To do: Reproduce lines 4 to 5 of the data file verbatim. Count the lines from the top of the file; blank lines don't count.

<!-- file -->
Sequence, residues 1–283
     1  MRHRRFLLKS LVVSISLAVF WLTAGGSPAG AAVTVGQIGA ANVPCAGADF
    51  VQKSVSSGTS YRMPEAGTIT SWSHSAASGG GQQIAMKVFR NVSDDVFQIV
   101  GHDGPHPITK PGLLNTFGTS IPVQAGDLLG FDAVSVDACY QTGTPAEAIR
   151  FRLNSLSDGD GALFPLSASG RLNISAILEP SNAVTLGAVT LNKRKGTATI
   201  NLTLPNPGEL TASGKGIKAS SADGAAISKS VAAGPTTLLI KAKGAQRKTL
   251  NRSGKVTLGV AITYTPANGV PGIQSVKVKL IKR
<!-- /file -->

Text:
   101  GHDGPHPITK PGLLNTFGTS IPVQAGDLLG FDAVSVDACY QTGTPAEAIR
   151  FRLNSLSDGD GALFPLSASG RLNISAILEP SNAVTLGAVT LNKRKGTATI